Dadar teens nominated for national honours for donating mother’s organs | mumbai news | Hindustan Times
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Dadar teens nominated for national honours for donating mother’s organs

mumbai Updated: Nov 18, 2016 00:54 IST
Sadaguru Pandit
Sadaguru Pandit
Hindustan Times
National Organ and Tissue Transplant Organisation

“My uncle was supposed to sign on the papers because my brother and I are minors, but he said the responsibility lay with us. I had read about it in papers and thought if it can save lives of others, we should do it,” said Vaibhav Sanghavi (left).(HT PHOTO)

Two families from Mumbai and Pune, who donated the organs of their relatives to patients with end-stage illness, have been nominated for honours given by the National Organ and Tissue Transplant Organisation.

In July, residents of Dadar — Vaibhav, 16, and Ravi Sanghavi, 14, donated the liver and kidneys of their mother Preeti, who died on brain haemorrhage, to save life of three end-stage organ failure patients. The siblings have been nominated for the organ donation honours. The other nominee includes Pune’s Dr Gopinath Chinnakoda, a senior principal scientist from National Chemical Factory, who donated the heart, liver, kidneys, corneas and skin of his 16-year-old daughter Aishwarya after she was declared brain-dead after she suffered a brain hemorrhage.

The officials said that it was a courageous step by Vaibhav and Ravi, the only immediate family members of Preeti, after the death of their father in 2006, to give their consent to donate the organs of their only surviving parent. “She was declared brain-dead on July 22, after she suffered an intracranial haemorrhage. Although she was qualified to be a teacher, she started helping families with cooking so that she could spend more time with my brother and I,” said Vaibhav, who is now preparing for IIT entrance exam after secured 95.6% in his SSC exams.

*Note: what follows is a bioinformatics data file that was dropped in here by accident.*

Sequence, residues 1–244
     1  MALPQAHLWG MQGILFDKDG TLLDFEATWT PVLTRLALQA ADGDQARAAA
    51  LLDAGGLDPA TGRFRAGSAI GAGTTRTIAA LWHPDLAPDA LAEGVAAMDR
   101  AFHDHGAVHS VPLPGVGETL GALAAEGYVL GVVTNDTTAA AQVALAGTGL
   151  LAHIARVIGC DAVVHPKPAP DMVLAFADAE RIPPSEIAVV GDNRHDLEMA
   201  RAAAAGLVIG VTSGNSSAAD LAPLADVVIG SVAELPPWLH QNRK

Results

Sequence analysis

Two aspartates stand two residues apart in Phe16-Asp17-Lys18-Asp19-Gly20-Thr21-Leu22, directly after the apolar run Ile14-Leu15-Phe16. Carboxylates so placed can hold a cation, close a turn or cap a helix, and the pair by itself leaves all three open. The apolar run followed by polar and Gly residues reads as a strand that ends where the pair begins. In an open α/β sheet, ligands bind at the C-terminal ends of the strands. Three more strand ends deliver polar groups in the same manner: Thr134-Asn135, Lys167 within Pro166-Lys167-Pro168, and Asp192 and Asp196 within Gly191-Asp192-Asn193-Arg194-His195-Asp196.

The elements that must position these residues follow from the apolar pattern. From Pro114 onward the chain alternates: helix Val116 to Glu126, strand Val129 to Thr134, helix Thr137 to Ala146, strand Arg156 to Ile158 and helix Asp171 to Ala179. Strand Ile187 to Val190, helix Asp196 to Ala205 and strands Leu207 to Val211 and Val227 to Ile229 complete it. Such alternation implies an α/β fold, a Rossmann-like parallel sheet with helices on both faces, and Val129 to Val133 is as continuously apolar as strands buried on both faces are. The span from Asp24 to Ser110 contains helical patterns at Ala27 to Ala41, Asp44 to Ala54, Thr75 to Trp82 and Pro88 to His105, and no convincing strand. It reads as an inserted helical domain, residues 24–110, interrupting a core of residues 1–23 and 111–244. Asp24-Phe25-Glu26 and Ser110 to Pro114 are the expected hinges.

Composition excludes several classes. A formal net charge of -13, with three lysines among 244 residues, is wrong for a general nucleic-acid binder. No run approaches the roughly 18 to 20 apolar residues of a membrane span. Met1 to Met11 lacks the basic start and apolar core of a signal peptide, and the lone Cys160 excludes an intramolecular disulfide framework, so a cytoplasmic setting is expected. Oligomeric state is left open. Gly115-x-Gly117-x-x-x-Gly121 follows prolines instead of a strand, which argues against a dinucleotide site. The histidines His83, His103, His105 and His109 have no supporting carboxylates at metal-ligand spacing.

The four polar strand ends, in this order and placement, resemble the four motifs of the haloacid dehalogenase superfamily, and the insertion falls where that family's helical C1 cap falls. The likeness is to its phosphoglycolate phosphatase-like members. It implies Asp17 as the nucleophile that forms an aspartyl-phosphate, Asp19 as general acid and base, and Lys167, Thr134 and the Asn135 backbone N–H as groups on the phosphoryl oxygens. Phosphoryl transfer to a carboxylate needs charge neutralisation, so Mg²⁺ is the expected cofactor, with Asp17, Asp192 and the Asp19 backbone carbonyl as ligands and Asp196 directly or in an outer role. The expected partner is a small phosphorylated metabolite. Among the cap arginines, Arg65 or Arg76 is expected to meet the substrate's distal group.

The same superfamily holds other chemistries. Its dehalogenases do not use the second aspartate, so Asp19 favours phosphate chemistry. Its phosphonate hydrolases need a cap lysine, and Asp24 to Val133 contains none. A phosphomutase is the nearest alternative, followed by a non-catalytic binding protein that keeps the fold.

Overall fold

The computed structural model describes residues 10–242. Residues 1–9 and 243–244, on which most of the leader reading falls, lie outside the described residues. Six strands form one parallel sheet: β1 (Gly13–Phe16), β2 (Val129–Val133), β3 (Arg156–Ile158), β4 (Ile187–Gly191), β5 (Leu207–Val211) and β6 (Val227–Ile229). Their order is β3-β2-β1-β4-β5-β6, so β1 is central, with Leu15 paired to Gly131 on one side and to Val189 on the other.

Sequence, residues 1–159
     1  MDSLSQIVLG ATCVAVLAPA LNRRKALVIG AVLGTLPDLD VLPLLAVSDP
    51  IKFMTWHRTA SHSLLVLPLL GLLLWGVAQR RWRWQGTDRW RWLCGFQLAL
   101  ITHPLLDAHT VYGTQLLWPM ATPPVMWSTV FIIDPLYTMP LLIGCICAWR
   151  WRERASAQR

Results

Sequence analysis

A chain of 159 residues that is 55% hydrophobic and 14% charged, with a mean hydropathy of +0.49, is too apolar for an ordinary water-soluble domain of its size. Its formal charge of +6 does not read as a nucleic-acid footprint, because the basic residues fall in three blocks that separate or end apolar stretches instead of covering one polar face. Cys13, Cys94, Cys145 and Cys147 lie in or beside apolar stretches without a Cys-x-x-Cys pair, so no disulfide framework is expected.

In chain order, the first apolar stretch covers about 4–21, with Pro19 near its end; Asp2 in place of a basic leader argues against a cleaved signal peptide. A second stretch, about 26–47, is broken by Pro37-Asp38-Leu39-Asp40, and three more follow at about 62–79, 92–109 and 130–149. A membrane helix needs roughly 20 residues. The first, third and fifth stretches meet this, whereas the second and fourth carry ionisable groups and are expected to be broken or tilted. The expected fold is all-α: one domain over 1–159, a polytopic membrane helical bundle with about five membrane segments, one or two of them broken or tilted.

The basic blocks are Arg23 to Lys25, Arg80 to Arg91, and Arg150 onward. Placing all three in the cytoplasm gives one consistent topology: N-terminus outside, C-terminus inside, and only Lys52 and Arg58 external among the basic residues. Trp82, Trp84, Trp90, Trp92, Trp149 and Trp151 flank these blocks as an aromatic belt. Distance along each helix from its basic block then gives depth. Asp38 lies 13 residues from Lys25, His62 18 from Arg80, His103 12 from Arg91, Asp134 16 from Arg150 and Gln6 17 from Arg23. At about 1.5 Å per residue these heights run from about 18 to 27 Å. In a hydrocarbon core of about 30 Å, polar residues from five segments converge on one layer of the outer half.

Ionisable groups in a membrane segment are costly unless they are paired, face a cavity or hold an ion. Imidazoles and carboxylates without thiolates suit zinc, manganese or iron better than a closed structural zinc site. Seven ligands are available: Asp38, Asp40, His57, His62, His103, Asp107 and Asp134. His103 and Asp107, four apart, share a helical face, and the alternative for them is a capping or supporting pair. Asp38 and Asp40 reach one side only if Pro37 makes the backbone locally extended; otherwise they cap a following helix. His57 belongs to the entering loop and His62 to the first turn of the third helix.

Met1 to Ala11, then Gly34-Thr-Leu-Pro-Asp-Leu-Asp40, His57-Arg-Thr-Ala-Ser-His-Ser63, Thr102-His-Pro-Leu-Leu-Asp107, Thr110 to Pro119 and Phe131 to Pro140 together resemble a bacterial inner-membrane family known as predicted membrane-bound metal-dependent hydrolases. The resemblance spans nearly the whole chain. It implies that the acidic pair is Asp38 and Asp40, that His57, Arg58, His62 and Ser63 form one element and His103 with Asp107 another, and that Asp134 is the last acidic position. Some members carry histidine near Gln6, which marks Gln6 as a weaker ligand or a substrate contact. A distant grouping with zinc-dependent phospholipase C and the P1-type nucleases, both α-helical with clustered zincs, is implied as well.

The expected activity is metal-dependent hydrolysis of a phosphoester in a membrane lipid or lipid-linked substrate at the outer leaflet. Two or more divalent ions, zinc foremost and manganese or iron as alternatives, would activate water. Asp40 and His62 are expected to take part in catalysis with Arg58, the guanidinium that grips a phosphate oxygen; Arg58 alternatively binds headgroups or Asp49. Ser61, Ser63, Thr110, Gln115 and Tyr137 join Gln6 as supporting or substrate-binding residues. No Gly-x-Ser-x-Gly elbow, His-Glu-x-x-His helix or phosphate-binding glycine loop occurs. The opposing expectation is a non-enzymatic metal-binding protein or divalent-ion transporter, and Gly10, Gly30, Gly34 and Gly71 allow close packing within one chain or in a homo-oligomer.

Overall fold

“My uncle was supposed to sign on the papers because my brother and I are minors, but he said the responsibility lay with us. I had read about it in papers and thought if it can save lives of others, we should do it,” Vaibhav added.

Dr Chinnakoda, on the other hand said that, being a scientist, he had made up his mind that if his daughter’s condition worsens and life-support remains as the only option to keep her alive, he will donate her organs. “She was preparing for her term exams in August when we had to rush her to Ruby Hall Clinic due to sharp headache. After four days and a surgery, doctors on August 22 declared her brain-dead,” he said.

He added that though he was mentally prepared to face the situation, the doctors and medical social workers helped him convince the family that we should donate the organs and salvage as many lives possible.

Dr Chinnakoda said that his daughter shared his interest in chemistry and wanted to become a scientist like him. “We used to spend a lot of time discussing and analysing different chemistry related problems. She was inspired by my work and wanted to follow my footsteps,” he said, adding that they donated heart, kidneys, liver, corneas and skin of their daughter which were transplanted in deserving donors, suffering from end-stage organ failure.